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Tuesday, February 19 , 2019, 8:02 pm | Fair 49º

 
 
 
 

Academy’s Mahler Performance a Fitting End to Session

The young students rise to the challenge of an incredibly complex and profound symphony.

There probably could have been no more fitting a conclusion to the summer session of the Music Academy of the West than Gustav Mahler’s Symphony No. 3 in D Minor.

This was the immense work (did Mahler write any other kind?) chosen for these young Academy Festival Orchestra players to end their sojourn at the Academy in the Miraflores estate in Montecito. Conductor Peter Oundjian led the orchestra in Mahler’s joyous testament of faith and love.

Academy students, now called Fellows, are in their late teens and early 20s, children by many standards, and here they were playing an incredibly complex, profound, long and difficult work. Although many of the young people are already launched on their professional careers, this was still a daunting choice for their farewell performance. As audiences have come to expect, the musicians rose to the occasion.

Adding to the beauty of the evening, the vocal parts were sung by the Women of the Academy Voice Program, overseen by diva Marilyn Horne; the Women of the Santa Barbara Choral Arts Society, directed by JoAnne Wasserman, and the Santa Barbara Children’s Chorus, led by Steve O’Connor.

The alto solo was sung by mezzo soprano Jennifer Feinstein, 24, who was completing her first term at the Academy. A statuesque strawberry blonde in a sea-green, low-cut gown, Feinstein received a vociferous welcome from the young men in the audience. She sang beautifully, too.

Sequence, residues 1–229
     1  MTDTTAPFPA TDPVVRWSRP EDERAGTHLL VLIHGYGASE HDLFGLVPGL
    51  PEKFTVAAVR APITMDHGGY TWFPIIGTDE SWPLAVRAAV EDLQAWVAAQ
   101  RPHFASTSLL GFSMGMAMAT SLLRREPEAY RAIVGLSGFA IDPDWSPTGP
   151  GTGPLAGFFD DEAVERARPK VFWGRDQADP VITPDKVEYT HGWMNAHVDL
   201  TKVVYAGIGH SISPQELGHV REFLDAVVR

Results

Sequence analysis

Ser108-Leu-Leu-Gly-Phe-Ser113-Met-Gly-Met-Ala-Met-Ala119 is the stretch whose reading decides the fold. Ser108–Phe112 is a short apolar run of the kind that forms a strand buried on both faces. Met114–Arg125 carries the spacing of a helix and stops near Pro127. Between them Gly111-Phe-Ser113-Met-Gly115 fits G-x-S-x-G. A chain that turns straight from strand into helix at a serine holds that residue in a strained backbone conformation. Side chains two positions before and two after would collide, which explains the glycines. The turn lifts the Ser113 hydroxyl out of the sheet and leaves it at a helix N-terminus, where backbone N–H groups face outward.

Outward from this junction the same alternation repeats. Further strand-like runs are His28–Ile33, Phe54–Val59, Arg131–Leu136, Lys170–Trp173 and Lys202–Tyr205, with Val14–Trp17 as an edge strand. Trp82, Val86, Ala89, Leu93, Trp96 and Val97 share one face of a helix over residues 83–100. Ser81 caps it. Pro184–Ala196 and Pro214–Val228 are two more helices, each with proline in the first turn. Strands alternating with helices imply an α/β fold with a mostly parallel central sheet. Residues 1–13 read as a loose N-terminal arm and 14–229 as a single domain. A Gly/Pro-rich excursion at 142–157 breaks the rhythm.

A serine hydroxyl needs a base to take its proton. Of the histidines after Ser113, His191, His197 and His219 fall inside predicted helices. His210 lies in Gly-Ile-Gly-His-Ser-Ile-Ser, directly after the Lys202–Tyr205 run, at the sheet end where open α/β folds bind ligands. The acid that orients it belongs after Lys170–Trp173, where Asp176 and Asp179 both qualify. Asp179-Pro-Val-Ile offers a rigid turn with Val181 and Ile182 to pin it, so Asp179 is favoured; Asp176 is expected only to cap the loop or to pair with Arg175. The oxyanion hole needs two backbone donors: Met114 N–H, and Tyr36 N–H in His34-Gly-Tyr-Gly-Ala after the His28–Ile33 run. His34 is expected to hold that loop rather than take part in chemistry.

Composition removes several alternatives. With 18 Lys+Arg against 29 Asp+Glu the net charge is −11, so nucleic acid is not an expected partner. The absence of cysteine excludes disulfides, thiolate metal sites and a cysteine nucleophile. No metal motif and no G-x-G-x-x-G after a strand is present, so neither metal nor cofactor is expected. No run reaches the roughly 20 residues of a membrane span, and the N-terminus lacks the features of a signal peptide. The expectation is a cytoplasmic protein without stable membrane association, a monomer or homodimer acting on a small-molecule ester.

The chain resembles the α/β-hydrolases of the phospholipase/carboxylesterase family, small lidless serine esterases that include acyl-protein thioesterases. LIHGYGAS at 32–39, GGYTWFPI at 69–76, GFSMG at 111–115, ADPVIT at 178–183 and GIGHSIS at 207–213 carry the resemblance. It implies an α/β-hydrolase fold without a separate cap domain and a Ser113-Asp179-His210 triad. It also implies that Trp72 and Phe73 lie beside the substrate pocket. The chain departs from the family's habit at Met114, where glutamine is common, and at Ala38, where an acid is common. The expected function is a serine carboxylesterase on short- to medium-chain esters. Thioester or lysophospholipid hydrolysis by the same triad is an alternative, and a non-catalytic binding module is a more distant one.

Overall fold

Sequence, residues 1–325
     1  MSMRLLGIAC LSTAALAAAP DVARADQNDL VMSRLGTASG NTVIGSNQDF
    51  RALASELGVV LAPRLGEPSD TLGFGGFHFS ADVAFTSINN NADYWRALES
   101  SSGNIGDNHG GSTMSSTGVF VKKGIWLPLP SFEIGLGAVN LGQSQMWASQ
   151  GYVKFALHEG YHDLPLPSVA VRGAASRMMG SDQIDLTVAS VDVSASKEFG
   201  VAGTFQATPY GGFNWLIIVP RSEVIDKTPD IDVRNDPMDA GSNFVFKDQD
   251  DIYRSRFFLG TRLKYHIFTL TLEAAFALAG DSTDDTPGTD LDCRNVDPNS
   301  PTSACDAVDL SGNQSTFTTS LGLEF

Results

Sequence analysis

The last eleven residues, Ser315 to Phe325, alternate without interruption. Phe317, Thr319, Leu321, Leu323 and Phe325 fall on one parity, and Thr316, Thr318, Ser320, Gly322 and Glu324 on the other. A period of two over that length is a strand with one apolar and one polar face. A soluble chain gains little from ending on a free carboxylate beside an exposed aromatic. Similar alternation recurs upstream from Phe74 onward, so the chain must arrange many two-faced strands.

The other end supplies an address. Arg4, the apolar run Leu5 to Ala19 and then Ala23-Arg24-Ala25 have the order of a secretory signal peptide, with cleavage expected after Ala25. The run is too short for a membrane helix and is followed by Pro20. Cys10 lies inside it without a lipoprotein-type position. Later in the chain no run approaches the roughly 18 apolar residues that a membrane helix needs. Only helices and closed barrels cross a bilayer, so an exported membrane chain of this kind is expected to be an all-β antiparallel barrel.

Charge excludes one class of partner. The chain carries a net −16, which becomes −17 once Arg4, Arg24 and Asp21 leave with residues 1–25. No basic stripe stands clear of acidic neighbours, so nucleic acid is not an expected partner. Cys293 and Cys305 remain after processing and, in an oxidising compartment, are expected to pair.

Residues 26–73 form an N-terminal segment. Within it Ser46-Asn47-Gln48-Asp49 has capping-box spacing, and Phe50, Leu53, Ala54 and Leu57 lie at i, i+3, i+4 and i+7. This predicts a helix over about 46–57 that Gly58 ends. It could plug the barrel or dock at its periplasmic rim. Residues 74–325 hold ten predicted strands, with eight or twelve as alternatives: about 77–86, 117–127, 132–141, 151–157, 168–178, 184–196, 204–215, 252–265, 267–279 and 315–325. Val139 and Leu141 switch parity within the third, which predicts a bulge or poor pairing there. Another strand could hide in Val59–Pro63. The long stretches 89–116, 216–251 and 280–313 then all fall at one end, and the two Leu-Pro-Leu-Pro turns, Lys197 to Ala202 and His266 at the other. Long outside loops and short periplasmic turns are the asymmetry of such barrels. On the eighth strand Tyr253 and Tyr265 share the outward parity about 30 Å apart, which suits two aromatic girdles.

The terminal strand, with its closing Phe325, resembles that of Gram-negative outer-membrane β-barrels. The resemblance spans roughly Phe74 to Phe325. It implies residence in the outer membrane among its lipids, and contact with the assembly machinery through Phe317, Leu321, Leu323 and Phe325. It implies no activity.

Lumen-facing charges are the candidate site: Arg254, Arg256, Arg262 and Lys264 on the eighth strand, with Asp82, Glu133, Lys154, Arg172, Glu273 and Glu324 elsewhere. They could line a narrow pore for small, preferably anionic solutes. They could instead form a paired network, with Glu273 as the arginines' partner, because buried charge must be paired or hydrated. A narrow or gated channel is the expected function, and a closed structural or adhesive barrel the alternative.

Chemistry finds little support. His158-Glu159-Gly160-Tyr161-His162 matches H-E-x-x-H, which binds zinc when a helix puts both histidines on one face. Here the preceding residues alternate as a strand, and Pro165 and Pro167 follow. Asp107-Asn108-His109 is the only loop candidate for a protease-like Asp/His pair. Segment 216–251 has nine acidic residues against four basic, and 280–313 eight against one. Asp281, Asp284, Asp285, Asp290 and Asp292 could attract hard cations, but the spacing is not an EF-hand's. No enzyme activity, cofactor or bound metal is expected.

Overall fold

Other soloists, equally gifted, were concertmaster Jeff Thayer, trombonist Douglas Rosenthal and Kyra Sovronsky, a trumpet player who covered the haunting posthorn solo. All are distinguished Academy faculty members.

The composer was 35 when he began the Third Symphony in 1895. His characteristic Mahlerian aim was a symphony that “should encompass the whole of nature and the world.” He completed it the following year.

The symphony is long and deep, and the orchestra took a welcome break about midway through. There are six movements, the first one practically a symphony unto itself. In the succession of movements, Mahler especially cherished the second, Blumenstuck, which he wrote was “the most carefree music I have ever written.”

As the symphony surged on, there were moments of Nietzchean pain, cheerful, folklike song with the children’s voices, and the sixth and last movement. Here, Mahler referred back to themes of tragedy and loss and, finally, comfort. The end of the piece resolves in an ecstatic embrace of God and his angels, love and faith. At the final notes, the audience members leaped to their feet, giving the Academy Fellows and Oundjian their just reward, a roaring ovation.

Mezzo Feinstein and the other soloists and conductors, Oundjian, Wasserman and O’Connor, took numerous bows, then turned and applauded their young players. This also was an expression of love and faith: love for the gifted artists, and faith that next summer’s Academy season will be just as much joy to the audience and musicians.

Margo Kline covers the arts as a Noozhawk contributor.

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